Voting in Helwan runs smoothly despite purported slip-ups

After a busy and shaky first day, elections in Helwan flowed smoothly on the second. Voters in this working-class industrial district queued up outside schools which had been converted into polling stations. Campaigners and election monitors reported fewer voters on the second day, and female voters seemed to outnumber male ones.

On the first day of elections, a number of polling stations in this south-eastern district of Cairo opened their doors to voters an hour or more behind schedule; the polls were due to open at 8 am. Other polling stations closed their doors two hours early – at 7 pm – despite the fact voting has been extended to 9 pm.

The following stations reportedly opened their doors to voters behind schedule on Monday: Ahmed Orabi, Altas, Abdel Moneim Riyad, Omar Ben Aziz, Al-Ibrahimiya, Al-Amira Fawziya, and the School for the Hearing and Speech Impaired. The delay was attributed to the absence of ballots and/or indelible ink.

As is the case with nearly every other polling station, the Muslim Brotherhood's Freedom and Justice Party (FJP) set up booths and tables in close proximity. Young members of the Brotherhood sat at their laptops, inputting national ID numbers online and directing voters to their respective polling stations. The youth wrote down the numbers of the polling committees and voter codes on FJP campaign cards.

Outside the School for the Hearing and Speech Impaired, an FJP member said that his polling station opened half-an-hour late on Tuesday and opened more than an hour late the day before. He attributed the delay to the Ministry of Interior's failure to provide polling stations with ballots on time.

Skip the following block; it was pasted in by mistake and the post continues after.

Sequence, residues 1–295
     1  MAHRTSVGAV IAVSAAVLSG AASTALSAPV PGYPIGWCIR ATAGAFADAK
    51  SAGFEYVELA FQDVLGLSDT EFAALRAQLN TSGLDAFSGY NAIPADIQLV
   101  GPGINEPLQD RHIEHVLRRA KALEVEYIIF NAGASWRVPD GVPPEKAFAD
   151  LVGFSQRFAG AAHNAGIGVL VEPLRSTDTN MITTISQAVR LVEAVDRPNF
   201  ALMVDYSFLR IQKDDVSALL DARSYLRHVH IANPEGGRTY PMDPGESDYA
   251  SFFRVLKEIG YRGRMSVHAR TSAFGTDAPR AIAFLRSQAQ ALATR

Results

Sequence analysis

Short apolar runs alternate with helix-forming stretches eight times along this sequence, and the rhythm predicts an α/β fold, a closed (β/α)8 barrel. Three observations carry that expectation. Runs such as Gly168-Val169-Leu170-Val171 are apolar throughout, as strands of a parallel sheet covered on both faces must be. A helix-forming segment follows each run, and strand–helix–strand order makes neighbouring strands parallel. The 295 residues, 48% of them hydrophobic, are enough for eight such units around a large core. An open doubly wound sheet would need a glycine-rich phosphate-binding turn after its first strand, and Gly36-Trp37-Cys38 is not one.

Nevertheless, the FJP member praised running of the election. "Voting has taken place peacefully here,” he said. “There have been no fights or scuffles outside this polling station. This is the case with the vast majority of other polling stations in Helwan."

An elderly male voter outside the school complained, however. "I tried to cast my vote yesterday shortly after 7 pm, but the doors were locked,” he said.

“The voting is supposed to continue until 9 pm."

Prominent candidates in Helwan include the outspoken journalist Mustafa Bakry, the human rights lawyer Nasser Amin, and a host of FJP candidates. A number of new faces, including youth candidates, have also emerged. Prominent youth candidates include Ziad al-Eleimy of the Egyptian Bloc and Khaled al-Sayyed from the “Revolution Continues” bloc.

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